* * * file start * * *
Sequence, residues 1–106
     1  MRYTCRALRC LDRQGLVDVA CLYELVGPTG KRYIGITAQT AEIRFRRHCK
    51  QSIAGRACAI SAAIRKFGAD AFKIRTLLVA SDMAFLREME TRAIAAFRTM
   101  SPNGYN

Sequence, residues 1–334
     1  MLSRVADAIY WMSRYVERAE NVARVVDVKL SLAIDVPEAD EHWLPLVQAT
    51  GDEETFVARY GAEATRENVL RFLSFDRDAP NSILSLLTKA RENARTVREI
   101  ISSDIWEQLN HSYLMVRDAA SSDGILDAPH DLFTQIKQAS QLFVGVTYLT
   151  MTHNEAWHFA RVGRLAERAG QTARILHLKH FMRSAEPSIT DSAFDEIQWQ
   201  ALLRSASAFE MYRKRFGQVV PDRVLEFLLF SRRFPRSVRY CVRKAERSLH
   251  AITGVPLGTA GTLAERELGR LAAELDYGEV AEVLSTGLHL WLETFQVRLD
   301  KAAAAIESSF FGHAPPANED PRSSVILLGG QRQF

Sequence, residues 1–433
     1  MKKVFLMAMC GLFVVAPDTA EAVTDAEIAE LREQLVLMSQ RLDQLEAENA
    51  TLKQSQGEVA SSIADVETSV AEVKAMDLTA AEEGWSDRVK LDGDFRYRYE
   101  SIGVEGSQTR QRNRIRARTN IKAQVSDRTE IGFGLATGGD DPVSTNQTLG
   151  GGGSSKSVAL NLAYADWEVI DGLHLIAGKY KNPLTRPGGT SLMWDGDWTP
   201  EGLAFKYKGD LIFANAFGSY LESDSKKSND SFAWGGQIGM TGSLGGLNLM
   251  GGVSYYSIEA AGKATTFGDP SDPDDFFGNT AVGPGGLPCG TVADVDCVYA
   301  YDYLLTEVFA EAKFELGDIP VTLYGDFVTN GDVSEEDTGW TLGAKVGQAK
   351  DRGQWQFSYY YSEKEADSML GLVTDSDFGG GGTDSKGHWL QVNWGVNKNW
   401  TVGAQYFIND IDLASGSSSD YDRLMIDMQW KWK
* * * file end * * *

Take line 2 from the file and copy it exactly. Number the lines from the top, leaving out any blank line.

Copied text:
     1  MRYTCRALRC LDRQGLVDVA CLYELVGPTG KRYIGITAQT AEIRFRRHCK